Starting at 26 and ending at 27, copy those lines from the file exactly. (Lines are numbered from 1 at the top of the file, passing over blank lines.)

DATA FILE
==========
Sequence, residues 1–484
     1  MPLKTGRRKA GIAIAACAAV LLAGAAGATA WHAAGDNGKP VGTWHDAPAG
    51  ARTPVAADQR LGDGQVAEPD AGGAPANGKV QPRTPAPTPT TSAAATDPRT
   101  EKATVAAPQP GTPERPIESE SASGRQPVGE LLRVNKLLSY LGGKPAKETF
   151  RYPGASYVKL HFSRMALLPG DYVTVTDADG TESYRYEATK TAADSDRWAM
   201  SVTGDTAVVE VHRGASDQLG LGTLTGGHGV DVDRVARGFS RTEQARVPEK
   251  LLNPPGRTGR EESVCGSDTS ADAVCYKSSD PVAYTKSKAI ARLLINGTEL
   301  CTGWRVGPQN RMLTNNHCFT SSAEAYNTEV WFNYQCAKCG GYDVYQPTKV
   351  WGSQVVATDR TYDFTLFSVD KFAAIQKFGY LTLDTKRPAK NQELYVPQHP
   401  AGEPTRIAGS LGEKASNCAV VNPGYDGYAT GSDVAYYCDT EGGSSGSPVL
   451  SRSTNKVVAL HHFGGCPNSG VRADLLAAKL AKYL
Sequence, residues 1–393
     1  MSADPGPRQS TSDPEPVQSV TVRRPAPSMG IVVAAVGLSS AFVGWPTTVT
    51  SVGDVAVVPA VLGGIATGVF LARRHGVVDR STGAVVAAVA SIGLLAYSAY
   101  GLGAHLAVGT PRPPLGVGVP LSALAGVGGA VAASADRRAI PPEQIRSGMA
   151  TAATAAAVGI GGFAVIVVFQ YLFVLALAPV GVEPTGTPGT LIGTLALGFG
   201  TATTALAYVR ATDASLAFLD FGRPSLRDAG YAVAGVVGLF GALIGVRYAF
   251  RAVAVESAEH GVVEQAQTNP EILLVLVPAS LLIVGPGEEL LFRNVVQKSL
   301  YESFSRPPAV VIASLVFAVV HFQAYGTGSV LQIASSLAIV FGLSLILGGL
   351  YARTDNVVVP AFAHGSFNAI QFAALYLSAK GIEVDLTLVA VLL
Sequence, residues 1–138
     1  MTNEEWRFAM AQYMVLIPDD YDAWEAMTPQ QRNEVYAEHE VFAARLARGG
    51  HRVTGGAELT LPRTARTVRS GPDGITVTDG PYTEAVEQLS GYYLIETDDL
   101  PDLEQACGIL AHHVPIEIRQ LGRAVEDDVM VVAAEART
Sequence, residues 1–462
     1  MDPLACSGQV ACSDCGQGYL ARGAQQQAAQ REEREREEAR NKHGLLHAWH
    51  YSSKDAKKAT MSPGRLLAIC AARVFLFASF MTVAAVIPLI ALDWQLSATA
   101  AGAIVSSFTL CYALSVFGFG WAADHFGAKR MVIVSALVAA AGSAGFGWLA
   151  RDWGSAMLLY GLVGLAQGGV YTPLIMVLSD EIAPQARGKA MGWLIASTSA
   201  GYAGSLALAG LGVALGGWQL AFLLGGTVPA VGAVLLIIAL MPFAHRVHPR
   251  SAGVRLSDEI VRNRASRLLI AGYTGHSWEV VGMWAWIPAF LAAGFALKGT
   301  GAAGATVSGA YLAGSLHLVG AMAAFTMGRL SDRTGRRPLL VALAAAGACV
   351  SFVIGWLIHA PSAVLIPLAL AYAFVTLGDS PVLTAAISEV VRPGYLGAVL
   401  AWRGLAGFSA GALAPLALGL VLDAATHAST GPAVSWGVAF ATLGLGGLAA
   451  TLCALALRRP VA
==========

     1  MDPLACSGQV ACSDCGQGYL ARGAQQQAAQ REEREREEAR NKHGLLHAWH
    51  YSSKDAKKAT MSPGRLLAIC AARVFLFASF MTVAAVIPLI ALDWQLSATA